Margaret wheeled Tori into a hunting blind large enough for the three of them. Hunting blinds help conceal movement but do little to quiet noise. The McAfee family admitted to being noisy enough to spook an incoming buck, which Tori subsequently missed. The family enjoyed the outing, though. “We have so much fun it’s ridiculous,” Troy said.

Troy said deer hunting didn’t really pose any problems for Tori because they usually can get on a good stand location and wait for the deer to come to them. Turkey hunting is a bit more challenging, especially on public land, as it is often necessary to move to a turkey’s location.

“We always find a way, though,” Margaret said.

Troy has modified an electric golf cart to address the mobility issue, and the family tends to turkey hunt more on private lands so that they won’t bother other hunters.

To help them “find a way,” the Conservation Department is committed to making its programs, services and outdoor resources accessible to everyone. Although it cannot guarantee such access to all its sites and properties, the Department is working throughout the state to remove barriers that prevent persons with disabilities from enjoying the outdoors. The effort includes constructing facilities and renovating older ones to provide better access to Department areas, buildings and shooting ranges.

Accessibility features available at specific Conservation Areas are listed in the Department booklet Disabled-Accessible Outdoors. The booklet is available online at www.MissouriConservation.org/2293 or write to MDC, Disable Accessible Outdoors, PO Box 180, Jefferson City, MO 65102 or e-mail pubstaff@mdc.mo.gov. The above Web address also allows you to quickly find areas that have facilities accessible to people with disabilities.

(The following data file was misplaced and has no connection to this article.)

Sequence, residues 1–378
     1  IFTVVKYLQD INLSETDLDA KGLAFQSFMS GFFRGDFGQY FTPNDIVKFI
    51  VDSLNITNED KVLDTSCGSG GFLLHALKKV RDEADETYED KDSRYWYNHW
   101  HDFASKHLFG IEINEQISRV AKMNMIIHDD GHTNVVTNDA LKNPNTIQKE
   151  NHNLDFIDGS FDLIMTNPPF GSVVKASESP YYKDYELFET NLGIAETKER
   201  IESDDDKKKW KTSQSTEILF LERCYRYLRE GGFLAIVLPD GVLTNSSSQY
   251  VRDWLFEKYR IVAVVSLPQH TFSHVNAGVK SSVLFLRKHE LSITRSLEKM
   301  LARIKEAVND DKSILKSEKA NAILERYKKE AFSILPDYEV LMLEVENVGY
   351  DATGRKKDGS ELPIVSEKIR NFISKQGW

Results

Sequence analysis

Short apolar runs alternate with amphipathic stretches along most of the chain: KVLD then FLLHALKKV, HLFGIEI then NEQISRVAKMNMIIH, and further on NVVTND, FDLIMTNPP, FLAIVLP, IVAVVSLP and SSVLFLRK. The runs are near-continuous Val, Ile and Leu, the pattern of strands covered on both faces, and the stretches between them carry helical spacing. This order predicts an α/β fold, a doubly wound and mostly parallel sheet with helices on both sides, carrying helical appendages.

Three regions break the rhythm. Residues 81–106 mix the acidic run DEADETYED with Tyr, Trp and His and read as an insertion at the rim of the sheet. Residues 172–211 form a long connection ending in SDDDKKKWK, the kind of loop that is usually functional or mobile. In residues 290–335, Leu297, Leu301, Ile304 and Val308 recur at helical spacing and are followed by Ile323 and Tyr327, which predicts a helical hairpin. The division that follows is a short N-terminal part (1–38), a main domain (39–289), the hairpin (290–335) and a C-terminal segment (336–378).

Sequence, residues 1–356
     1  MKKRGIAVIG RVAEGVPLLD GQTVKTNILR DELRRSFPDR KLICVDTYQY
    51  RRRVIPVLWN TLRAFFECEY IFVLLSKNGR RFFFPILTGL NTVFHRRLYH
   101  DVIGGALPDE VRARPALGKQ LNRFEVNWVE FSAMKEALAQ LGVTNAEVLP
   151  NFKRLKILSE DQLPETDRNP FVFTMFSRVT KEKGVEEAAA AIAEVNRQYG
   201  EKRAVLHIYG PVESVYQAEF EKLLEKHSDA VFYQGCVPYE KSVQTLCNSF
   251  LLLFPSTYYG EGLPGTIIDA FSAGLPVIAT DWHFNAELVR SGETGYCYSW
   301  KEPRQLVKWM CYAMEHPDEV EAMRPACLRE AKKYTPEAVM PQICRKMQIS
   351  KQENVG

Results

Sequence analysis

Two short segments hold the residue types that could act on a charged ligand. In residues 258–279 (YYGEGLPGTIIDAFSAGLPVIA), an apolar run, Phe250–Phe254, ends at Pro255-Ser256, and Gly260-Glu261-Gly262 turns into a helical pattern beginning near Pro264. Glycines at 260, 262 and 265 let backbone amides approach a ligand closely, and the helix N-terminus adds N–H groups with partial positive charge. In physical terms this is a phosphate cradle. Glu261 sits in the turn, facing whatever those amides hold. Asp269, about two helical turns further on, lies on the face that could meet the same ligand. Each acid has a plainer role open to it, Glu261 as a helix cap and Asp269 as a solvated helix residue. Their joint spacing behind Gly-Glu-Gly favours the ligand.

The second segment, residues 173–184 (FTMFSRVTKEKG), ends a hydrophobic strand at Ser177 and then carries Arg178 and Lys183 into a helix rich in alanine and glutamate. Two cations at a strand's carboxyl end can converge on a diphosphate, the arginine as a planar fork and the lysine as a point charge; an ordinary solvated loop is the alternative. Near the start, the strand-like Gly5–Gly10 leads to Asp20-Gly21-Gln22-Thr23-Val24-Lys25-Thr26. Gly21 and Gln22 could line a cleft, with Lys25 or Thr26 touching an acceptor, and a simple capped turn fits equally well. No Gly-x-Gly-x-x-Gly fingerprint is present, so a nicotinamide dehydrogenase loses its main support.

Conservation Department regulations also allow some hunting method exemptions, such the use of a crossbow in lieu of a longbow and hunting from a stationary vehicle, that allow people with disabilities to participate in outdoor recreation. Contact your local conservation agent for details or applications.

Ordinary girl

It may require a little extra effort for Tori to enjoy the outdoors, but her family helps her in every way it can, and accessible Conservation Department lands and facilities give her a chance to follow her “calling” and hunt and fish to her heart’s content.

Even though the McAfees take unusual steps to help Tori, they are pleased to have the opportunity. “Tori has been a very pleasant child to raise,” Margaret said toward the end of our conversation. “She’s just got a positive attitude every day, and she loves people.”

If you happen to find yourself in the Shannon County area and spot a beautiful young lady getting around with braces and crutches, introduce yourself. Keep in mind though, she might try to sell you a ticket for an NWTF fundraiser or tell you about her most recent hunting or fishing trip. That’s the way Tori is—just an ordinary outdoor girl.